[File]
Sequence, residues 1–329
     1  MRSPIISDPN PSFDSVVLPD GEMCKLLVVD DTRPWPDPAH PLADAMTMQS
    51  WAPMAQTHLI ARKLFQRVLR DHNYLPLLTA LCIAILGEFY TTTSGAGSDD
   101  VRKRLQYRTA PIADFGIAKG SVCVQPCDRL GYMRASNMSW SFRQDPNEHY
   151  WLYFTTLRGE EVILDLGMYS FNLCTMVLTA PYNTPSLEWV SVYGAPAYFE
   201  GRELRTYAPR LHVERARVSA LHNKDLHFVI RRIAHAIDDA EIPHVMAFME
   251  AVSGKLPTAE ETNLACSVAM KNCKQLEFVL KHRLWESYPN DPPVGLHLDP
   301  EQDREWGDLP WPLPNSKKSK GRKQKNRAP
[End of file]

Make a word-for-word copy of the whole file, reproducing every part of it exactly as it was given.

Sequence, residues 1–329
     1  MRSPIISDPN PSFDSVVLPD GEMCKLLVVD DTRPWPDPAH PLADAMTMQS
    51  WAPMAQTHLI ARKLFQRVLR DHNYLPLLTA LCIAILGEFY TTTSGAGSDD
   101  VRKRLQYRTA PIADFGIAKG SVCVQPCDRL GYMRASNMSW SFRQDPNEHY
   151  WLYFTTLRGE EVILDLGMYS FNLCTMVLTA PYNTPSLEWV SVYGAPAYFE
   201  GRELRTYAPR LHVERARVSA LHNKDLHFVI RRIAHAIDDA EIPHVMAFME
   251  AVSGKLPTAE ETNLACSVAM KNCKQLEFVL KHRLWESYPN DPPVGLHLDP
   301  EQDREWGDLP WPLPNSKKSK GRKQKNRAP